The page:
Early-stage Alzheimer's

In early-stage (mild) Alzheimer’s, people have a bit more trouble managing their lives on their own, but they can usually still lead independent lives. It's often difficult to tell the difference between early-stage symptoms and normal forgetfulness due to aging. There is no clear cut-off point between the normal problems associated with aging and mild Alzheimer's. But forgetfulness, absentmindedness and trouble concentrating mean that more complex everyday tasks are difficult to perform.

People who have early-stage Alzheimer’s will almost always need help with business and financial matters or official appointments. Driving and taking medication regularly are two other critical areas.

Behavior and mood can already change in early-stage Alzheimer’s. The limitations resulting from the disease can cause fear, stress, anger, or even feelings of shame: It can be embarrassing to forget things and lose your orientation. And it takes a lot of strength to find strategies to deal with these problems.

A person’s inner drive and interest in hobbies or other activities may fade. Some people feel down or irritable, or they may have intense mood swings. These mood swings – making people suddenly burst into tears for no apparent reason, for example – are often puzzling as well as draining for other family members.

Middle-stage Alzheimer's

People with middle-stage (moderate) Alzheimer’s usually have to give up living independently. They can still eat, drink and wash themselves, and perhaps do simple tasks around the home or garden, but may have to be reminded and asked to do so. Cooking, shopping, keeping their home clean, and going out on a walk are only possible with the help of others.

They are more likely to get lost, not find their way back home, leave the stove on and endanger themselves or others. Patterns of behavior such as frantic pacing, seemingly meaningless rummaging through drawers and fiddling with clothing become more frequent. Fits of rage, distrust and aggressive behavior are also consequences of problems associated with Alzheimer’s that affect the person’s perception and limit their abilities.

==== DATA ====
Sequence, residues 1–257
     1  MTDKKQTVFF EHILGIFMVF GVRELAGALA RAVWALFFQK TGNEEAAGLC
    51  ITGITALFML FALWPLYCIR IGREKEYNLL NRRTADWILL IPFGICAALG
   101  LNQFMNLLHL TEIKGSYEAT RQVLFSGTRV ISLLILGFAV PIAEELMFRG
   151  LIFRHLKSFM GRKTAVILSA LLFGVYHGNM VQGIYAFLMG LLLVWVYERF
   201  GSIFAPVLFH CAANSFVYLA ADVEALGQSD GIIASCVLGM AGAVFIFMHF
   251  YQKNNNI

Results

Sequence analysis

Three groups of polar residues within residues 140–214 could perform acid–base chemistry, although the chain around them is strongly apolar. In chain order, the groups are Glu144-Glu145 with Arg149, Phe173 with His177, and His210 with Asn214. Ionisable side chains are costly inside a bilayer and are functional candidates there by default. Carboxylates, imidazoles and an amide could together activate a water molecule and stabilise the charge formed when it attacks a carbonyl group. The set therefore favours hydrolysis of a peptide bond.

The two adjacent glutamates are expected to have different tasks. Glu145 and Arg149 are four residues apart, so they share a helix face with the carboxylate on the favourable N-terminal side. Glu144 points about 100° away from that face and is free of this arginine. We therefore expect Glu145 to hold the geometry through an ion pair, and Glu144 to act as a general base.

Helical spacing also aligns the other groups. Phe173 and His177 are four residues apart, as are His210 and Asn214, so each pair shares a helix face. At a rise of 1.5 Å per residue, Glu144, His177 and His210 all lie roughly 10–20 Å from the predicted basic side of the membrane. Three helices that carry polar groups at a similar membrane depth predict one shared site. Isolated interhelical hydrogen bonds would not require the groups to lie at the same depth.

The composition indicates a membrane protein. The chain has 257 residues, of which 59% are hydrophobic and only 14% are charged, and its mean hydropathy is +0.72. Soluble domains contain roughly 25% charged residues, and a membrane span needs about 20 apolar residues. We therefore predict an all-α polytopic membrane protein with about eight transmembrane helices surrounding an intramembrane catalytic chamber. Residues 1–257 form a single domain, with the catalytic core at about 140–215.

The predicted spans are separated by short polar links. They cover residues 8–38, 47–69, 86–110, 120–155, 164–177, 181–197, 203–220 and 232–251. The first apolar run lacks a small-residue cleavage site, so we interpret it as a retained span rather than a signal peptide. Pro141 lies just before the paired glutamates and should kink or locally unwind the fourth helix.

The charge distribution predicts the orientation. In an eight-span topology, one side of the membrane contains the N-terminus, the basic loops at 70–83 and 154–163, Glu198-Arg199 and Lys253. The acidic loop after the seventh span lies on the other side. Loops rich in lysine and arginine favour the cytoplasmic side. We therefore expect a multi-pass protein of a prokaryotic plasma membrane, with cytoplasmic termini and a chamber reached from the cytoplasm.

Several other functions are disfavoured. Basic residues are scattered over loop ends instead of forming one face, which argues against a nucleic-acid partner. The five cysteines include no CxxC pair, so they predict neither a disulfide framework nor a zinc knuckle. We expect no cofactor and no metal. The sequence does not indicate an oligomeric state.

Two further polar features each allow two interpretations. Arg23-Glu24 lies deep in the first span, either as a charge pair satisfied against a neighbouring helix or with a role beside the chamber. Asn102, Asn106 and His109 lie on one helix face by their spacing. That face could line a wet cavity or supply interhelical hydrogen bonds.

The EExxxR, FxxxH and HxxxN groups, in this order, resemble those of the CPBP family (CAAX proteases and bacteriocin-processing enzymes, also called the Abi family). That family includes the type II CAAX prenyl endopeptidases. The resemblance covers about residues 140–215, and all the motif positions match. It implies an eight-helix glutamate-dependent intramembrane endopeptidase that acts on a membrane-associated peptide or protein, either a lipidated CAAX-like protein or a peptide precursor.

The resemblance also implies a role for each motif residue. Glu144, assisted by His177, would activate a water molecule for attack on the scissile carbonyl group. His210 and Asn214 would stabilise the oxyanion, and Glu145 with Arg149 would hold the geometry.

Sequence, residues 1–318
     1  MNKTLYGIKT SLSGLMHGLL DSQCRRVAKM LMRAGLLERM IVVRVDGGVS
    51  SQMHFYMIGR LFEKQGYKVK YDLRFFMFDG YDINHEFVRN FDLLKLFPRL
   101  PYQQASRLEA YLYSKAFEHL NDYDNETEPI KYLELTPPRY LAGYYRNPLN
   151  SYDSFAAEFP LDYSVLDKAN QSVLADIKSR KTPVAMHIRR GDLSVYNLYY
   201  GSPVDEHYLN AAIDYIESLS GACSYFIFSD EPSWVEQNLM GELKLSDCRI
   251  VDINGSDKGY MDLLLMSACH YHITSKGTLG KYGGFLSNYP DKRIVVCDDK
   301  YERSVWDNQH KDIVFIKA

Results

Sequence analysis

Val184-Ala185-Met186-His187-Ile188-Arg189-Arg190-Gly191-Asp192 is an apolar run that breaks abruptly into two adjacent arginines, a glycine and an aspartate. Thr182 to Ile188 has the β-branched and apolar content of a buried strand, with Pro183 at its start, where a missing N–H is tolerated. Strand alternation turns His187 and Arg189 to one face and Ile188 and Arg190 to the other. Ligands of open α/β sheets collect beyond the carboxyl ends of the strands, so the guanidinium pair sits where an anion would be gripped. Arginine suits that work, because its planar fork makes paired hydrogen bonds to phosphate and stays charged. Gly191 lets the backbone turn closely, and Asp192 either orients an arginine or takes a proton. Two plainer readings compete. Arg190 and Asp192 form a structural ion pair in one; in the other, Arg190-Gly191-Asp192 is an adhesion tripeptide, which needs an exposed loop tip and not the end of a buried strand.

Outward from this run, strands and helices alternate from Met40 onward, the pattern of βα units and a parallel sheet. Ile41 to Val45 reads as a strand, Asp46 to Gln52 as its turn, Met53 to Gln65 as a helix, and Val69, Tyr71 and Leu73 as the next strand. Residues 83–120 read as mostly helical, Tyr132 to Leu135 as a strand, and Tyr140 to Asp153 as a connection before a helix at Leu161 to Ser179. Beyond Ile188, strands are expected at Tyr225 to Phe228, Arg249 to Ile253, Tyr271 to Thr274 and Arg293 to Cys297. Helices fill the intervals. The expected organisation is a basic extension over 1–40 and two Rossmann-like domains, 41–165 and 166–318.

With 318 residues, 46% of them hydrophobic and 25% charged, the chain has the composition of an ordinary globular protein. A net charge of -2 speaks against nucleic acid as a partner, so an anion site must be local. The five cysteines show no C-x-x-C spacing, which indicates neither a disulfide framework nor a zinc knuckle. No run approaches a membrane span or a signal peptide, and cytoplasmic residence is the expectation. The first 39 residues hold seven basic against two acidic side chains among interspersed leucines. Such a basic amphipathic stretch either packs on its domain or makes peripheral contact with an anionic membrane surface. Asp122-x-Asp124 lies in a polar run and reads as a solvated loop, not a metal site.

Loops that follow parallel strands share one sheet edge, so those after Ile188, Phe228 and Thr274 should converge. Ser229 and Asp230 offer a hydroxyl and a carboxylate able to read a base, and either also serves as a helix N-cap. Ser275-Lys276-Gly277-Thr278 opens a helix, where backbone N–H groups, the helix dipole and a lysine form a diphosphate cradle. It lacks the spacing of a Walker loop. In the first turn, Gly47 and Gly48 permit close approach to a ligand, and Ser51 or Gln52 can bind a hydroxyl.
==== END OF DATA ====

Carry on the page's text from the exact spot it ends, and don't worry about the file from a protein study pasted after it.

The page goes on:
People’s daily sleep-wake cycle is often affected. It becomes more difficult for them to express things in words and understand what other people say. They also confuse the past with the present. For instance, they may falsely believe that their parents are still alive and are expecting them to come back home.

Late-stage Alzheimer's

In late-stage (severe) Alzheimer’s, people need constant help from others. Speech and language problems may start making conversation barely possible. They now even need help to accomplish simple everyday activities, and to eat and drink.

People who have late-stage Alzheimer’s are often restless, hallucinate or confuse the past with the present. They no longer recognize people who they used to know very well. The control of bodily functions and the ability to coordinate movement may also be lost.

On average, people with Alzheimer’s die about six years after being diagnosed.

Ballard C, Gauthier S, Corbett A et al. Alzheimer's disease. Lancet 2011; 377(9770): 1019-1031.

Deutsche Gesellschaft für Psychiatrie und Psychotherapie, Psychosomatik und Nervenheilkunde (DGPPN), Deutsche Gesellschaft für Neurologie (DGN). S3-Leitlinie Demenzen. AWMF-Registernr.: 038-013. 2016.

Livingston G, Sommerlad A, Orgeta V et al. Dementia prevention, intervention, and care. Lancet 2017; 390(10113): 2673-2734.

IQWiG health information is written with the aim of helping people understand the advantages and disadvantages of the main treatment options and health care services.

Because IQWiG is a German institute, some of the information provided here is specific to the German health care system. The suitability of any of the described options in an individual case can be determined by talking to a doctor. informedhealth.org can provide support for talks with doctors and other medical professionals, but cannot replace them. We do not offer individual consultations.

Our information is based on the results of good-quality studies. It is written by a team of health care professionals, scientists and editors, and reviewed by external experts. You can find a detailed description of how our health information is produced and updated in our methods.

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Created on March 29, 2022
Next planned update: 2025

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Institute for Quality and Efficiency in Health Care (IQWiG, Germany)